Belfast Telegraph

Top flight index plummets into the red, as Next shares slump

London's top flight index plummeted into the red, as s hares in high street giant Next slumped to their lowest level for more than two years after it said the year ahead was set to be the "toughest we have faced since 2008".

The retail bellwether saw shares drop 15% after it said it was bracing itself for a consumer slowdown and warned profits could potentially fall by up to 4.5%.

Its gloomy comments sparked share losses among rivals such as Marks & Spencer and Debenhams, while the wider FTSE 100 Index was also sharply lower - down more than 1.4% or 92.6 points to 6106.5 - as oil prices fell back.

The cost of benchmark Brent crude sank 0.6% to 40.22 US dollars after the US government reported a crude stockpile three times above analysts' expectations on Wednesday.

Indices were also lower across Europe, with the Cac 40 in France off 2.1% and Germany's Dax 1.7% lower.

The pound was up 0.25% against the dollar at 1.41 after falling in previous sessions amid fears the Brussels attacks could push Britain towards a Brexit vote.

Sterling was also up 0.3% against the euro at 1.26.

Commodities firms came under pressure amid further falls in the oil price, with mining giant Anglo American dropping 22.7p to 500.8p.

Next was the biggest blue chip faller as its warning came despite the group reporting a "solid" set of annual results, with underlying pre-tax profits up 5% to £821.3 million for the year to the end of January.

Chief executive Lord Wolfson said recent "volatile" sales trends and economic data signalled a consumer spending slowdown and shift in buying away from clothing.

Its shares fell 1005p to 5665p - hitting their lowest level since December 2013.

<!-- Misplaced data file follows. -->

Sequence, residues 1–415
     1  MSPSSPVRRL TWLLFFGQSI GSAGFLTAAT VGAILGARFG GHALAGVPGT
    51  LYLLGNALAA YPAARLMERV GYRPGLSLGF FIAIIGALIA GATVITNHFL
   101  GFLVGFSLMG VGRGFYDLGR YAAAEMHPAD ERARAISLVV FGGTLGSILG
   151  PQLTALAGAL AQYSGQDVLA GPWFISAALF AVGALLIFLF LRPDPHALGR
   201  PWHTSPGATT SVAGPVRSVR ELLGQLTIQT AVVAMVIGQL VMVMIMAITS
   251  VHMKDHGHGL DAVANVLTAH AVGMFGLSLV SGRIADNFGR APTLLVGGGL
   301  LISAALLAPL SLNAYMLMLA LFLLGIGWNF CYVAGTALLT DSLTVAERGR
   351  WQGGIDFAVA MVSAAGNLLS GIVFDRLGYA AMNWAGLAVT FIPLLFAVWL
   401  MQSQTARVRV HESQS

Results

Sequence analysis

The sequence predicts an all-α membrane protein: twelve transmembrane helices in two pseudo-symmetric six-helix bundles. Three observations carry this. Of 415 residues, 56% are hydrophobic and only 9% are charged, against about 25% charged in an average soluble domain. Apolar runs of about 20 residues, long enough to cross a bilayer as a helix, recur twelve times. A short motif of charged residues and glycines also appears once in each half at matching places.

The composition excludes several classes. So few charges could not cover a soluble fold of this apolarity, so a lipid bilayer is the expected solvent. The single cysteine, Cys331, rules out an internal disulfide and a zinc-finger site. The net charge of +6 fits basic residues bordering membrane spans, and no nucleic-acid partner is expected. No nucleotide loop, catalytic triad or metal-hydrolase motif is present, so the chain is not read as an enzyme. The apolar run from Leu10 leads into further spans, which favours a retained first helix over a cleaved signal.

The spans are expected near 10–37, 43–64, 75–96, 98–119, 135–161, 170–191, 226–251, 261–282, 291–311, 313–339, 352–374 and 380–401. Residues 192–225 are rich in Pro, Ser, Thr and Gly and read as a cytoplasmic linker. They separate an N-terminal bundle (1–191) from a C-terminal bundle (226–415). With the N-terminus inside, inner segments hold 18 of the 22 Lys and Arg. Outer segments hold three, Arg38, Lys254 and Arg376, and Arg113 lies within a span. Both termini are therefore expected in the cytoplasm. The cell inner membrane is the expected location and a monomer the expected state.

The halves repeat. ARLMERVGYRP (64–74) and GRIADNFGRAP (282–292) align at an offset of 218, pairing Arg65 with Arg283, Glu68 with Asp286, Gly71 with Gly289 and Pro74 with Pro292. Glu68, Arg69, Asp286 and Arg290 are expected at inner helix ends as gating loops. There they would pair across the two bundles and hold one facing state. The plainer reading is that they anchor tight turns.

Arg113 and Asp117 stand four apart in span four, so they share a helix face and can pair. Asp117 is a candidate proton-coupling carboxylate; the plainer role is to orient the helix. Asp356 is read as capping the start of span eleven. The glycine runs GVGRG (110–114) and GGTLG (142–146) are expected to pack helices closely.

M&S followed Next into the red, down 4.9% or 20.3p to 392.5p, while Debenhams dropped 3% or 2.5p to 72.3p in the FTSE 250 Index.

Outsourcing giant Mitie was sharply lower in the second tier as it warned over lower-than-expected revenues after concerns over the state of the economy led to a spate of cancelled work.

The FTSE 250 company said revenues fell short in the second half of its financial year, as economic uncertainty and pressures saw some projects delayed and others taken off the table altogether.

Shares fell 7% or 18.7p to 245.7p, despite assurances that it still expects to hit its target for full-year profits.

Back in the top flight, Big Six energy supplier SSE was one of only a handful of blue chip risers after it raised its adjusted earnings per share guidance for the year to the end of March and said all of its three divisions - networks, retail and wholesale - were expected to be profitable.

Shares lifted 4.5p to 1464.5p.

Mr Kipling cakes firm saw its shares fall 3% or 1.8p to 52p as it poised itself for a fresh takeover bid from an American suitor after snubbing its previous two offers.

US spice and herbs giant McCormick & Company said it would be willing to up its bid for the firm as it urged Premier's board to discuss its approach with shareholders.

Premier rejected McCormick's first offer of 52p in cash per share, and a second at 60p in cash per share, because they "significantly" undervalued its future growth.

The biggest risers in the FTSE 100 Index were Paddy Power Betfair up 55p to 9300p, Capita PLC up 6p to 1034p, CRH up 10p to 1948p, London Stock Exchange up 12p to 2832p.

The biggest fallers in the FTSE 100 Index were Next down 1005p to 5665p, Standard Chartered down 37p to 440.6p, Associated British Foods down 193p to 3265p, Prudential down 70.5p to 1275.5p.

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